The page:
THE Nobel prize winner’s tantalising, intoxicating romance never quite answers the riddle of Istanbul, writes Stuart Kelly
A Strangeness In My Mind
Faber & Faber, £20
THE strangest thing about the new novel by Orhan Pamuk, who won the Nobel Prize for Literature in 2006, is how strange it isn’t. Readers who have read The White Castle, The Black Book or My Name Is Red might be expecting a postmodern puzzle-box, a book which makes the familiar unsettling and approaches complex issues askew. But his more recent works – notably The Museum Of Innocence – have shown a different side to Pamuk. That A Strangeness In My Mind is actually a rather sentimental, bitter-sweet romance should not deter readers, however, as Pamuk, being a genius, does wistful longing and lump in the throat moments with his customary brilliance.
The protagonist of the novel is Mevlut Karatas, who moves as a young boy to Istanbul from Central Anatolia with his father in 1969. Although the idea is that he can be educated in the city, he soon becomes his father’s helpmeet in selling, door to door, yoghurt and boza, a fermented wheat drink with a low alcohol content, often served with cinnamon and toasted chickpeas. (The name comes from the English “booze” – it was a drink that Ottomans used to circumvent the Islamic prohibition of alcohol).
But although we get the whole of Mevlut’s life from before arriving in Istanbul to the present day, the novel opens somewhat more dramatically.
At a cousin’s wedding, Mevlut is entranced by the bride’s sister, and spends his national service writing heartfelt letters to her, having been given her name by another cousin, Süleyman. Eventually they decide to elope together with Süleyman’s assistance, though they haven’t seen each other since the wedding. When Mevlut finally has the chance to sit down with his runaway bride – irate family deflected elsewhere – he realises that he has been writing to the other sister of the object of his affections. But Mevlut is a curious character. He is a less comedic version of Hasek’s Good Soldier Svejk or a more exotic version of HG Wells’ Kipps.
Pamuk refers to “his indomitable optimism – which some thought of as ‘innocence’ – and his knack of finding the easiest and least distressing way through any situation”.
He makes a go of his unexpected marriage, and, miraculously (or not: there are several discussions about the wisdom of falling in love after the wedding) he and Rayiha are happy, despite all the despites one could imagine. Although Mevlut’s career(s) never really take off, and he is the perpetual “poor cousin”, he never loses his love of selling boza, even as it seems like a relic from Istanbul’s past.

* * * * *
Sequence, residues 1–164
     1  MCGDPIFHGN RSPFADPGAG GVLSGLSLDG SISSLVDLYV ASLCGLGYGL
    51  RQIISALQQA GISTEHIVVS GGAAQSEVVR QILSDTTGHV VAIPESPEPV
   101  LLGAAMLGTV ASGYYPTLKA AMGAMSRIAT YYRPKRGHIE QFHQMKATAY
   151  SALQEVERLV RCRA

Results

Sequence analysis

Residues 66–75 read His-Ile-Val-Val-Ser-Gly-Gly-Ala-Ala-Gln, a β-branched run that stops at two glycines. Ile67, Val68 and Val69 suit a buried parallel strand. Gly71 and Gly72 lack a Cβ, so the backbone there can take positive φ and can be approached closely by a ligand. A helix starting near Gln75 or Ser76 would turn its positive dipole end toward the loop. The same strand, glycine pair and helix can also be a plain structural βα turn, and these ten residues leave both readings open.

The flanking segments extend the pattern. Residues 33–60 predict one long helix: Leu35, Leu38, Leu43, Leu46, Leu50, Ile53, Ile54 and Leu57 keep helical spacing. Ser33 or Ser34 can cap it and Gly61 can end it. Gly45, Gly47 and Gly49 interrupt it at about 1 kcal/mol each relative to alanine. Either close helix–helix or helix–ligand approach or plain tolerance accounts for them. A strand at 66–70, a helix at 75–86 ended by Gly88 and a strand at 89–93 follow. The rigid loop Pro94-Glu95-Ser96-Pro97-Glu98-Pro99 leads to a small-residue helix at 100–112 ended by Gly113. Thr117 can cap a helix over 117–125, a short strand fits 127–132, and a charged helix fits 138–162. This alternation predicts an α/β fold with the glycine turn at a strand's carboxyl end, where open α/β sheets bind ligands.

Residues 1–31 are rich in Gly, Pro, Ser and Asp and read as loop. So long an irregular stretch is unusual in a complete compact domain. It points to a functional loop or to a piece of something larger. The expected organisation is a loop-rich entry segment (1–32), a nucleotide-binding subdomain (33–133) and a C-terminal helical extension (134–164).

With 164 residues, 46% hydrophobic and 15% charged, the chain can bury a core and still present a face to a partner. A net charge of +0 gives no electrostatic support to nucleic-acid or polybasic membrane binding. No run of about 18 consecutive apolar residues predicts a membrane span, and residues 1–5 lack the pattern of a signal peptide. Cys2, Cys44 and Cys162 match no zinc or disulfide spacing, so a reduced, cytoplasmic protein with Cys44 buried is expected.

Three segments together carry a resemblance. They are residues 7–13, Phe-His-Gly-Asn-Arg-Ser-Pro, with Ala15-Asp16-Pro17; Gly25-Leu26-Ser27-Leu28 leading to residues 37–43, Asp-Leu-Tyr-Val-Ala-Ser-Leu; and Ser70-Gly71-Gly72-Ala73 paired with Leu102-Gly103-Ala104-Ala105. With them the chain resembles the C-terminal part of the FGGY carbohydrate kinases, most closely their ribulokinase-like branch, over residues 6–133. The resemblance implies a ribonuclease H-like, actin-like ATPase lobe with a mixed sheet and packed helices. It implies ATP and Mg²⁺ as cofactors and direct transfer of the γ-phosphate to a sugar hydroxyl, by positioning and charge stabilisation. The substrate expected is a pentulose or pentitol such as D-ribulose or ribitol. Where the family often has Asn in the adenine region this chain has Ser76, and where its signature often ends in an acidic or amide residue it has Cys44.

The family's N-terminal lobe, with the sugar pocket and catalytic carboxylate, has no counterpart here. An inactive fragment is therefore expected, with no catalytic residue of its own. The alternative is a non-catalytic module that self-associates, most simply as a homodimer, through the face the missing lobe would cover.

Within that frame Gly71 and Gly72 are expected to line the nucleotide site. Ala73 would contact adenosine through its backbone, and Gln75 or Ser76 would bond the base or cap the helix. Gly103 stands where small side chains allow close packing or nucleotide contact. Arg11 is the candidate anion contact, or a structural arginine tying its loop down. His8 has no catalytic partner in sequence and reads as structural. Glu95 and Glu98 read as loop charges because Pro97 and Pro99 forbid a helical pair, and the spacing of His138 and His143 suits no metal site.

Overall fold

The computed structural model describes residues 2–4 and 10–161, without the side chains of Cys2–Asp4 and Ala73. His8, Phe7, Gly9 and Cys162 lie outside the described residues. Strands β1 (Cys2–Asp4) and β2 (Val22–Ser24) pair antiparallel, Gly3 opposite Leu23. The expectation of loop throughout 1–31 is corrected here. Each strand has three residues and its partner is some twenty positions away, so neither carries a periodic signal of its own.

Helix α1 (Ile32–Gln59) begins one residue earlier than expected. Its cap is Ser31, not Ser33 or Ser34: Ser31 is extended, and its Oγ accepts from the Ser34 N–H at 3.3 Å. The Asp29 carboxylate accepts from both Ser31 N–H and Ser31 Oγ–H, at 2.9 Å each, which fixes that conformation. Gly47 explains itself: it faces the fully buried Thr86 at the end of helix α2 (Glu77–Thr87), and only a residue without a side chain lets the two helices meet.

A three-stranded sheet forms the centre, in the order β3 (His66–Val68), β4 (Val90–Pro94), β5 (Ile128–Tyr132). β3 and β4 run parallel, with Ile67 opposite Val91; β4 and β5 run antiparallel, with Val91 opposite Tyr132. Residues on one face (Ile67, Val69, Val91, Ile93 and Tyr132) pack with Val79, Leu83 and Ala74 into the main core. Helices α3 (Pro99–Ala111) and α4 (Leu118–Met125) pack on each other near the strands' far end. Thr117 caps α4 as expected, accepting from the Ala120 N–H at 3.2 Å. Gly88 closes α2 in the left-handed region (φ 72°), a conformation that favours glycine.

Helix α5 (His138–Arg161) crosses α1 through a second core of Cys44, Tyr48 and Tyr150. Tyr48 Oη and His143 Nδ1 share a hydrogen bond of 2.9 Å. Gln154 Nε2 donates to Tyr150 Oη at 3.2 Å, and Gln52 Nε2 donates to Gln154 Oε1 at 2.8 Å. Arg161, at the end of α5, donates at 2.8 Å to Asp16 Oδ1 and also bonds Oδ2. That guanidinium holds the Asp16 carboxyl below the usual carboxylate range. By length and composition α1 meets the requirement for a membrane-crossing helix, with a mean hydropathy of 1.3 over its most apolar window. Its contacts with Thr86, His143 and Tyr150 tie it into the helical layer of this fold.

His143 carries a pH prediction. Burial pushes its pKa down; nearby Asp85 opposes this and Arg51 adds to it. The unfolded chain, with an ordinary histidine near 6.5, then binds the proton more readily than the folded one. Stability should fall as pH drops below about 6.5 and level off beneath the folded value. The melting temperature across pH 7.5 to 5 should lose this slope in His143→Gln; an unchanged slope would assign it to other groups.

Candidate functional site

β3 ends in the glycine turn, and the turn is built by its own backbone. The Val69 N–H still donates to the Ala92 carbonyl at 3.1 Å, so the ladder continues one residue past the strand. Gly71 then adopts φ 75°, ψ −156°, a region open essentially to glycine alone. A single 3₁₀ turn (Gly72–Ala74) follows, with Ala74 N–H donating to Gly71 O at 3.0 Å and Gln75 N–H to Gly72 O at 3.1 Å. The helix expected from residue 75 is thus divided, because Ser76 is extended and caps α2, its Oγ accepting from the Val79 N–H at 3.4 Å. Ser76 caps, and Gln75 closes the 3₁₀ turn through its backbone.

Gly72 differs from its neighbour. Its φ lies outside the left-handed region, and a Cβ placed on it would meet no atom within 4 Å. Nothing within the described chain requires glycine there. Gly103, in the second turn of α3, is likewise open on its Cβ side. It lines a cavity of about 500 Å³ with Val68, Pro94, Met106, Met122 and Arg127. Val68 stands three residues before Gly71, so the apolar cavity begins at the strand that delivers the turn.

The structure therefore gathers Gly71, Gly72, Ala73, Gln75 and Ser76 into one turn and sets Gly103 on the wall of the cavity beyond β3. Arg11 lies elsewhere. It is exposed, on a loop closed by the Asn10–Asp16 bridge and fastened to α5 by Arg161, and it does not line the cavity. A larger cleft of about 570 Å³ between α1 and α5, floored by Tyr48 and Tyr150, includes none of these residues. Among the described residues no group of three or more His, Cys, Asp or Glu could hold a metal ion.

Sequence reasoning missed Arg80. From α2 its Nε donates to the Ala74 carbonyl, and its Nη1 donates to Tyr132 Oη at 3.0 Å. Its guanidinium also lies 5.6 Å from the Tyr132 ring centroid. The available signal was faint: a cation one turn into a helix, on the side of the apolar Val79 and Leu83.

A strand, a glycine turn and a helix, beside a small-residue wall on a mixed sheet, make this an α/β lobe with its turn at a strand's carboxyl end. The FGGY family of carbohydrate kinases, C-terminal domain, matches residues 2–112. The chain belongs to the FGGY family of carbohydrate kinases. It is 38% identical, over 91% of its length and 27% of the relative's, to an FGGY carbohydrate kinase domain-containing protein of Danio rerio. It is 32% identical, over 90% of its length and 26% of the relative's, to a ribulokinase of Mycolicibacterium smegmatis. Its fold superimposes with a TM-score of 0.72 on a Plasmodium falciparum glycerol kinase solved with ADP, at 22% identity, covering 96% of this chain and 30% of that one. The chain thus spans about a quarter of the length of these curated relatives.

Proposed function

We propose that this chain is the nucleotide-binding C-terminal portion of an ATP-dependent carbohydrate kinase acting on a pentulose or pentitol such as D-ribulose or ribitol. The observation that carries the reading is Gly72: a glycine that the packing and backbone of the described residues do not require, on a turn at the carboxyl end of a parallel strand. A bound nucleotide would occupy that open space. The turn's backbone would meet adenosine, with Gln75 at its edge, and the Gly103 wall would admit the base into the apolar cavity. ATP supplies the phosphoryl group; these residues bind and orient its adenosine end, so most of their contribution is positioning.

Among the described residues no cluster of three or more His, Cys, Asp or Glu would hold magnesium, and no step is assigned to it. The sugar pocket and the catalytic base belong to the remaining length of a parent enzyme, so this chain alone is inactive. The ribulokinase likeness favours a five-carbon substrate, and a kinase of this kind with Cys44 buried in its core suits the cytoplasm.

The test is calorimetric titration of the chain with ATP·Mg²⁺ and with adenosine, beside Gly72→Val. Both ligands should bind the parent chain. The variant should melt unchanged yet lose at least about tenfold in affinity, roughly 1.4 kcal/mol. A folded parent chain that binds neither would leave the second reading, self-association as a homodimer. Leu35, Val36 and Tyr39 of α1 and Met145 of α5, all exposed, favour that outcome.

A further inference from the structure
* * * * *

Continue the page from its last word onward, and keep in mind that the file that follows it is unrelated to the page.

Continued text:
Walking the same streets for the best part of half a century means Mevlut is our keyhole into Turkey’s recent history. Pamuk orchestrates the private story of Mevlut with the public record of events with supreme skill. The major events, such as the invasion of Cyprus, the formation of the PKK, the 1980 coup, the 1999 earthquake are all present, but they are present as they would have appeared to l’homme moyen senseul. There is not sermonising or bloviating, no “info-dump” or hectoring. It helps that the cousins with whom his dealings seem invariably unfortunate are all conservative and pay lip-service to religion, while his best friend from school – with whom, in an early fit of entrepreneurial enthusiasm, he sells a kind of Lottery called, tellingly, “Kismet” – is more connected to the Kurds and the Communists.
Mevlut, of course, is a model not of prevarication, but the awful capability of seeing the virtues in both sides. He likes the Communists because they care about the poor, and he likes the conservatives because a good man needs a break. He even likes the Islamists because their heritage should not be disparaged, and God, is after all, Great. He is not a weathercock, but an amalgam: it is possible to have all these beliefs at once, Pamuk suggests, and that complexity is in itself a good thing.
The novel is cunningly constructed in that Mevlut is always narrated in the third person – as if, sometimes, held in tweezers by the author observing him – but the supporting cast are given first person interludes. It allows for a certain grate and grind in otherwise quotidian situations, and a degree of benevolent irony. That the reader knows more than Mevlut is both endearing and uncomfortable.
Towards the end of the novel, Pamuk tries to make good on his title. “Mevlut sensed that the light and darkness inside his mind looked like the night-time landscape of the city. Maybe that’s why he’d been going out into the streets to sell boza in the evening for the past forty years, no matter how little he earned from it”; “The city had been sending him these symbols and signs for forty years. He felt the urge to respond… it was his turn to talk now. What would he like to say to the city?”
This psychogeography of Istanbul is fascinating, and I, for one, would have cared to know what he would say, other than things are ebbing away, new things are arriving. If Mevlut is a kind of synecdoche for the whole city, the message seems to be that the poor get marginally less poor, especially if they know some of the rich. If he is the estranged observer, the message is the city isn’t the city any more (but which city ever is?). But if he is a decent, quiet, sometimes angry, sometimes lustful, sometimes heartbroken man then the message is just: this was a human, regardless of geography.